Gastronomic Restaurant in Nice

Situated on Coco Beach just after the port of Nice,  “La Reserve” is a well-known “restaurant gastronomique, ” famous for its proximity next to the sea, high quality dining, and providing panoramic views.  The ambiance is formal, with a contemporary interior design, and sound effects from the waves lapping the shoreline.  The food was first-rate, service excellent (but not personable), and views spectacular.  But, I had a little reserve about La Reserve….a feeling that something was missing that I couldn’t put my finger on.  It wasn’t just the pricey menu (expected for this type of restaurant), but rather a lack of “soulfulness” – everything felt too robotic.  It was a black and white, rather than colorful, experience – figuratively speaking and difficult to explain.  Do you know what I mean?  Have you ever experienced this at a restaurant?

(The above is my personal opinion and not meant as a critique of the restaurant to sway tourists – your experience may be totally different.)

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Escargot Thuirinois: A Snail Farm

While I was in Thuir, in the Midi-Pyrénées region, I visited a snail farm: not something I really had planned on doing, but thought it would be interesting and oh so, French.

The reception area was a small trailer, with regional products displayed for purchase, where the owner cordially explained his business. It turned out that since the harvesting season is from March to mid-May, there wasn’t much to see other than empty crates and crinkled, Polaroid photos of the various stages of snail development.

I hadn’t really thought about how snails reproduce, albeit slowlyand learned that they lay eggs.  I also learned that the soil in which they mature cannot include fertilizer, as it burns the snails eyes, and that it takes about 3 months to reach snail adulthood.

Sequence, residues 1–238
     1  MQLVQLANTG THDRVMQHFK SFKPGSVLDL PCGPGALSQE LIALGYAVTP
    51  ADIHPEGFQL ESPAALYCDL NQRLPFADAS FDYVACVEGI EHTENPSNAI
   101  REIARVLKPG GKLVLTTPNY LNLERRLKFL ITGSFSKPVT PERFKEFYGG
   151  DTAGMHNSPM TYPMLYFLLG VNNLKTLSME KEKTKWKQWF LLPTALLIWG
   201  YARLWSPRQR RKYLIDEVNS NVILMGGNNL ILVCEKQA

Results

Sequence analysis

This farmer raises about 50,000 snails each season, first in indoor plastic crates as an incubator, then they are transferred to the outdoor soil.  He said that generally, there is a 30% snail mortality rate (who knew?), and even higher with a too hot or too cold variation in temperatures. He showed enthusiasm and passion for his craft, even though there was an absence of les escargots à la catalan (recipe below).


Recipe credit: Symdicat Producteurs Pyrénées Orientales

Pear Champagne Anyone?

This is a guest blog, written by Kathy Morton, who organizes culinary tours in France.  A heartfelt thanks to her for sharing this interesting post.

Normandy has miles and miles of apple and pear orchards. In the springtime, blossoms perfume the air and provide stunning views of the countryside. In the fall, the scent of ripe juicy fruits is undeniable.

Most apples and pears air plucked from the trees, but some bitter pears are purposely left until the drop to the ground, carpeting the area known as the Bocage Domfrontais.  Because this fallen fruit – an unusually tart and fragile pear – is quick to spoil, it is swooped up from the ground as soon as possible to be pressed into juice. The result? One of France’s most unusually distinctive drinks: Le Poiré.   A glass of Poiré, or “pear champagne,” makes a perfect aperitif before a meal.

Described in 1607 as “wine made from pears,” golden-hued Poiré is sometimes known as “perry.”  Light and fruity, this effervescent drink has low alcohol content and, like champagne, can be enjoyed before and during a meal.  In Normandy, Poiré  is made much the same way as the local apple cider, but unlike apples which are stored for a time to make the cider, the ripe pears that have fallen off the trees are pressed as soon as they are gathered.

A journey along the Route du Poiré  entices travelers to stop for visits and observe the fruit-bearing trees, most of which are over 30 years old.   A visit to one of the local producers such as the award-winning family of LeMorton – who has been producing poiré for generations, renders a first-hand look at the method of production and a unique opportunity to taste the exceptional libation.  Visits are always followed by une dégustation, a tasting of the final product. Michelin-starred restaurants and upscale markets like Fauchon carry LeMorton’s exceptional Poiré.

It’s always fun to go to the source of a product and meet the local producers. Next time you find yourself in Normandy, a tasting of this local product is a must!